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It’s a small occupational hazard that accompanies membership in the Bar — the ribbing that all lawyers take at social functions with those groan-inducing lawyer jokes. While the good-natured jests typically merit a chuckle and a pass, it’s worth noting, two decades after the 9/11 tragedy and with all the deeply divisive events that have occurred since, that there are clear indicators that the legal profession deserves more credit than jibes. Lawyers are striving at least to preserve their constitutional responsibilities as a pillar of truth-telling in the contentious world. Others? Maybe less so. And the public should not be
The federal Food and Drug Administration punted on a scheduled showdown over e-cigarettes, delaying decisions on whether to allow Juul and other market-dominating firms to keep selling trendy “smokeless” devices while also banning millions of vaping products from other, mostly smaller manufacturers. The agency argued with a defensive and defiant tone that it had acted on 6.5 million filings and 93% of the requests for approval to market e-cigarette and vaping-related products, rejecting most (including millions of flawed  applications from a single applicant). But the FDA said it needed more time — how much it didn’t say — to…
In recent days, academic researchers and politicians have made distressing disclosures about the terrible toll the coronavirus pandemic took on the aged, injured, and sick in nursing homes and other long term care facilities with new data suggesting the disease infected more of the vulnerable and killed more of them than previously known. Government officials, in the pandemic’s early days, may have failed to count 16,000 nursing home deaths due to the coronavirus, researchers at Harvard, UCLA, the University of Minnesota, and Massachusetts General Hospital reported in an online section of the Journal of the American Medical Association. Before federal…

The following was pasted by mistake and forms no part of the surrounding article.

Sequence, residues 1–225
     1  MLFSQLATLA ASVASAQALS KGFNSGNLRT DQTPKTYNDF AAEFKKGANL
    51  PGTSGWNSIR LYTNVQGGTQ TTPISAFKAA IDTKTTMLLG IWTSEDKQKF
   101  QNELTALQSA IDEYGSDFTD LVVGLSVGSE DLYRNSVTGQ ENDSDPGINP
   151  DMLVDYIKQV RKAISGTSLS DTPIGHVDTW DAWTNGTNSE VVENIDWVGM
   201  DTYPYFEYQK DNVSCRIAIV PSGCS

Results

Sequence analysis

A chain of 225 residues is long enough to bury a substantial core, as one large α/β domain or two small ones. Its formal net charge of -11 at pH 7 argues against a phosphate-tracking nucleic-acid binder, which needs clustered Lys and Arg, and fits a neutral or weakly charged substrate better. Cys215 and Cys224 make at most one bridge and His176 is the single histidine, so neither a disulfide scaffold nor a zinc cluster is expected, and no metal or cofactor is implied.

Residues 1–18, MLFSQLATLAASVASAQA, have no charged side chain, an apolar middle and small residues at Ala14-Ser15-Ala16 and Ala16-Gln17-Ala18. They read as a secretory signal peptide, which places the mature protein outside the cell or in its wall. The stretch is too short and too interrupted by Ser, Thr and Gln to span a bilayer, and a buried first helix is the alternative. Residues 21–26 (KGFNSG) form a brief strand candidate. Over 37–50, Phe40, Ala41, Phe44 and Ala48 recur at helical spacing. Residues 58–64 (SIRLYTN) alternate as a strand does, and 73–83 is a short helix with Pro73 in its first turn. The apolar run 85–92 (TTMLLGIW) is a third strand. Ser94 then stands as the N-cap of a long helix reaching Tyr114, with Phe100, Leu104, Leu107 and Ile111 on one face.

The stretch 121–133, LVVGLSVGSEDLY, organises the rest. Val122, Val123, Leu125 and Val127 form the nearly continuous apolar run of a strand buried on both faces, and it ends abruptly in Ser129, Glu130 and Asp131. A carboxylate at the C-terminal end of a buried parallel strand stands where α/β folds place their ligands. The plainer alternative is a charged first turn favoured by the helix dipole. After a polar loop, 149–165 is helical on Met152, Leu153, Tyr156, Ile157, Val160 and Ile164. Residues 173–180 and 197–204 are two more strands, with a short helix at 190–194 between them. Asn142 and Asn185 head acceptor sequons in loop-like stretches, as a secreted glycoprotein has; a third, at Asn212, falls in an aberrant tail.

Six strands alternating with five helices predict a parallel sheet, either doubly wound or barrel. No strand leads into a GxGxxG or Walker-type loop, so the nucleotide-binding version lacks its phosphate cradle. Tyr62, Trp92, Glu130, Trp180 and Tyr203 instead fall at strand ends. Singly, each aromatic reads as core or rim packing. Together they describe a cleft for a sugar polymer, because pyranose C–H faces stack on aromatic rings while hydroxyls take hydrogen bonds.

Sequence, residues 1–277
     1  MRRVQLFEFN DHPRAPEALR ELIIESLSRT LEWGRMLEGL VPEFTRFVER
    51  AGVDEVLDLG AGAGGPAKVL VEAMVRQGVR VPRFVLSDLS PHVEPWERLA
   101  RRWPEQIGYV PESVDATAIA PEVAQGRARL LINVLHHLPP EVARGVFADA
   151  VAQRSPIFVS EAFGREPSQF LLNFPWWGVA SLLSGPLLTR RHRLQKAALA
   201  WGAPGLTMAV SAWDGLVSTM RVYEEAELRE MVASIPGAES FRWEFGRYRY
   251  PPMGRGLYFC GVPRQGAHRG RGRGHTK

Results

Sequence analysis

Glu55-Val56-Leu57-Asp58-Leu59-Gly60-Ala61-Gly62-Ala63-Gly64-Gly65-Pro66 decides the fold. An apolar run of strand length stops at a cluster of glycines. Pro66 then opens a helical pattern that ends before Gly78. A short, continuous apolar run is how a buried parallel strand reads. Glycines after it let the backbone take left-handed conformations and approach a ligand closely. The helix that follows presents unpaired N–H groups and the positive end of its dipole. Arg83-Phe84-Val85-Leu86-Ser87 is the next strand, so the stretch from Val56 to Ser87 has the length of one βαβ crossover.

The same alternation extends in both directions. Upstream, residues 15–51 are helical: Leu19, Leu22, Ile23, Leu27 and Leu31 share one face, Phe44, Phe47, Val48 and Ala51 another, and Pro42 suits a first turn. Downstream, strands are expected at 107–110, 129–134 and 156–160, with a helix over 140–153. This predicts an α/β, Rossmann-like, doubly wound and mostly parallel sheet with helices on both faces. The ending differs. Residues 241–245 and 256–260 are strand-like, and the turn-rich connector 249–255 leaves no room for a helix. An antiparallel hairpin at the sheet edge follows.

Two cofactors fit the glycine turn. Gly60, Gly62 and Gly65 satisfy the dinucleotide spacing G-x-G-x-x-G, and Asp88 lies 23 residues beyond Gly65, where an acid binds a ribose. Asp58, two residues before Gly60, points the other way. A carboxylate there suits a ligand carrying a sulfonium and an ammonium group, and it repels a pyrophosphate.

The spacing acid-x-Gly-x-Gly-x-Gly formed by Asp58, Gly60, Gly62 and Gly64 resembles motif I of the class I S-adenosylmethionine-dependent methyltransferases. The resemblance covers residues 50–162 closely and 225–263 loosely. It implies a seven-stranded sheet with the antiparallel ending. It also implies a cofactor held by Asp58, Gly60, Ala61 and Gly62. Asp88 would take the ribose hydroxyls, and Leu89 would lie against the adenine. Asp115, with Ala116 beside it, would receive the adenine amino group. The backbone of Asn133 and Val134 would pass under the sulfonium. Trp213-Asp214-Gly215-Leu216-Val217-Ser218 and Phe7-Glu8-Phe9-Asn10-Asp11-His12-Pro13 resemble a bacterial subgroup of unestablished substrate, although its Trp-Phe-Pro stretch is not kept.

To those unfamiliar with the history of world religions and disease, the formidable duo shown here are Hosogami (left) and Shapona (right). In two different societies of yore, in the 600s and 700s A.D. in Japan and in the 18th and even into the 19th century in Nigeria, the fervent built religious rites around these smallpox deities. Worshippers hoped various behaviors would appease their lords of infection, with later experts coming to believe that the priests of Shapona (aka Sopona) also helped to spread the highly contagious and disfiguring illness by scratching villagers as part of extortion schemes. Science and
Manslaughter, criminally negligent homicide, and other felony charges filed against paramedics in a Denver suburb will provide the public with a queasy close up look at not only the stresses weighing on medical first responders but also how complacent too many people have become as a crucial part of health care frays under fiscal pressures. The case against Aurora Fire and Rescue paramedics Jeremy Cooper and Lieutenant Peter Cichuniec provides a grim view of municipal emergency medical services. A grand jury, empaneled by the state attorney general, indicted the city paramedics and two Aurora police officers on an array…